Canadians consider groceries and gas as top financial strains in 2022

Pulse and outlook survey reveals majority of Canadians feel more financially resilient

Canadians consider groceries and gas as top financial strains in 2022

For most Canadians, 2022 means setting financial priorities amidst the stressors from rising inflation and the ongoing global pandemic.   

The Canadians + Money 2022 Survey report released by digital life insurance company PolicyMe revealed how Canadians view their current and future financial status. The survey asked Canadians to assess the economic priorities, stressors, and costs that they expect to face in 2022. 

Coming into 2022, grocery purchases (59%) and gasoline payments (48%) were the most prominent economic strains for Canadians. Paying credit card debt, rent and mortgage interest rates rank closely behind as top financial stressors in the coming year.

On the other hand, the 2022 top financial priorities Canadians listed are establishing an adequate emergency fund (54%) and paying off debt (48%). Saving for retirement, traveling or going on vacation, and saving to renovate a home also count as key financial priorities among Canadians.

"As we enter a new year, we wanted to take a pulse on how Canadian families are feeling about their financial situations, and our findings paint a very mixed picture," Andrew Ostro, CEO of PolicyMe, said in a statement.

"While concerns around inflation, rising interest rates, and housing affordability are causing stress for many families, Canadians have a positive outlook for 2022: they feel in control of their finances, they are saving a high percentage of their income, and they have a strong sense of financial resilience," Ostro said.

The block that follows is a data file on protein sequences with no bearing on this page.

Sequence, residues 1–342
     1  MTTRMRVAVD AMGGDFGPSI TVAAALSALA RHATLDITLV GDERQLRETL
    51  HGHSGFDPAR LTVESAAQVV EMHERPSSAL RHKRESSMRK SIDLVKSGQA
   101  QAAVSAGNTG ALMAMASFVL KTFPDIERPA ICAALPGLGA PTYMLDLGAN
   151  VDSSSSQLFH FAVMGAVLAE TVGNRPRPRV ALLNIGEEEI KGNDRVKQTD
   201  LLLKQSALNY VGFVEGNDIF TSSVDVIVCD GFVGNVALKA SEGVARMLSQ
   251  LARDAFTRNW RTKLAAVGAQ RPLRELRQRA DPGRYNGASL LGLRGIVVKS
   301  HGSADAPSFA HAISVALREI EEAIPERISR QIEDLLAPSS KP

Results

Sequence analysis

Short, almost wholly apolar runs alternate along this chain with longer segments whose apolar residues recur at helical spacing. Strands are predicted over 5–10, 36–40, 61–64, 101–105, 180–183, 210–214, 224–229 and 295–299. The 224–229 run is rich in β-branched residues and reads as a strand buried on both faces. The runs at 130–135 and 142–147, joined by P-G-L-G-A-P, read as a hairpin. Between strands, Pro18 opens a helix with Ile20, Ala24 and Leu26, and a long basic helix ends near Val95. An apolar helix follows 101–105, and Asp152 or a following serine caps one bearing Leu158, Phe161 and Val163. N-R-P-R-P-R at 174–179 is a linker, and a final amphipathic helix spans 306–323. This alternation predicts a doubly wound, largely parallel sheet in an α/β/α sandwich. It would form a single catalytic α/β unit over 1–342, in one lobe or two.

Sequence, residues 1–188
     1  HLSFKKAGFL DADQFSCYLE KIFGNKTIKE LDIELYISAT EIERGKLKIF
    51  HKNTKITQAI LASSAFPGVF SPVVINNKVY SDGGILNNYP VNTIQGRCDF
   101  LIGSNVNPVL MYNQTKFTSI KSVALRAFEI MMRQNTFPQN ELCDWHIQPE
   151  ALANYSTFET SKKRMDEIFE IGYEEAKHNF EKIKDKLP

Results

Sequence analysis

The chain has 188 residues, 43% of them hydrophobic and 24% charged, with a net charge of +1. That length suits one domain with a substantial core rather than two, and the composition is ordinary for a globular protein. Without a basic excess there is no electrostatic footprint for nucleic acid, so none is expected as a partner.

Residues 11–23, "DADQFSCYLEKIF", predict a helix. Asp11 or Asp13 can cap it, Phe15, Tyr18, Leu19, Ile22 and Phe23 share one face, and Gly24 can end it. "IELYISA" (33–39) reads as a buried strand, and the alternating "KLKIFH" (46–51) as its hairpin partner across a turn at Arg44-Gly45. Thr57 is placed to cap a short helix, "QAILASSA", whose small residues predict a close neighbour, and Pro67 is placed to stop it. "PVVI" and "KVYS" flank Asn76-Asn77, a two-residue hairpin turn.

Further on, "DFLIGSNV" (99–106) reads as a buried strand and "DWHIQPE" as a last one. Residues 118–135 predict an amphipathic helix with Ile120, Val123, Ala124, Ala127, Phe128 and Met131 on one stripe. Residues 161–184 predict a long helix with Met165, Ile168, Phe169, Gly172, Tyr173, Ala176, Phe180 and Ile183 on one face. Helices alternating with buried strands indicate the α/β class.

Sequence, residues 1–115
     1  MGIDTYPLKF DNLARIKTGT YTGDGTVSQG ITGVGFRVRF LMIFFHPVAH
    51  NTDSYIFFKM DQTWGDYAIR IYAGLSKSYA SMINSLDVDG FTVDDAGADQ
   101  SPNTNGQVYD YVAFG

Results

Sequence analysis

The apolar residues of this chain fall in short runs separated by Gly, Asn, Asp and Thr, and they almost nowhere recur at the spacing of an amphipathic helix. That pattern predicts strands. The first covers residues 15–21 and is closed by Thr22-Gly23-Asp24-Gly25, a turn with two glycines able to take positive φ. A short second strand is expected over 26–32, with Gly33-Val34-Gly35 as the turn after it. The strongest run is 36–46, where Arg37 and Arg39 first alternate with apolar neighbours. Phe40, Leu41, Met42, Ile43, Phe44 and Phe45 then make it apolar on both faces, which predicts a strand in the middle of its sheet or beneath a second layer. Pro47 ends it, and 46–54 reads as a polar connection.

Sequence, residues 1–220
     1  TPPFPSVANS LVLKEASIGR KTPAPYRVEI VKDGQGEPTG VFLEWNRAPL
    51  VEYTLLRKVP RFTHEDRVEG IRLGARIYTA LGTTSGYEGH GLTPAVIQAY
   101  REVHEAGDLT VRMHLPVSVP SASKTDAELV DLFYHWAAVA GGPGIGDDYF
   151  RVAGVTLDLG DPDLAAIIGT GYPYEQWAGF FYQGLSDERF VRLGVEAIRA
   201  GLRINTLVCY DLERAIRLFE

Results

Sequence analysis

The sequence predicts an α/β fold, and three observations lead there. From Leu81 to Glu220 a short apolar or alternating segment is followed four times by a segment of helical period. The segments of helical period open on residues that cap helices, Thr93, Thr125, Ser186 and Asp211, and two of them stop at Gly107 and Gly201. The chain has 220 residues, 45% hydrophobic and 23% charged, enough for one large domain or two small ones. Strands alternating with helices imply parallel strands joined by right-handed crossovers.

Based on the study, 42% of Canadians revealed that they felt more financially strained last year than in 2020. Households with children experienced more monetary stress (47%) than the ones without children (39%).

Regionally, Albertans reported being the most financially stressed (50%), with Saskatoon/Manitoba as a close second (49%). Last year, half of Canadians (51%) had to draw out from their financial savings or investments as they took on unexpected expenses. Fifty-six per cent of Albertans pulled from their financial savings or investments – making them the most likely to do so – and 55% of the Prairies did the same.

Despite financial difficulties over the past few years, two in three Canadians (67%) said they were in control of their finances, and 65% said they were financially resilient. Forty-five per cent say they regularly contribute to savings/investments, and on average, Canadians spend a fifth (21%) of their household income on savings and investment.

In 2021, many Canadians took steps to secure their finances and be more resilient to the unstable economic market. Eighty-nine per cent paid off their mortgage; 84% regularly contributed to an RESP; 78% regularly contributed to an RRSP or TFSA; 75% consulted with a financial advisor; and 72% created a will or updated their end-of-life plans.

The global market has been grappling with the financial impact of the pandemic, making the last two years very difficult. As such, the fact that 67% Canadians still report being in financial control and are setting aside 21% of their income to savings and investment is a good indication. In addition, the study shows that many Canadians regularly contribute to savings (45%), plan to add to emergency funding (54%), continue to reduce debt (48%), and save for retirement (40%). Importantly, 47% of Canadian parents save for their children's education.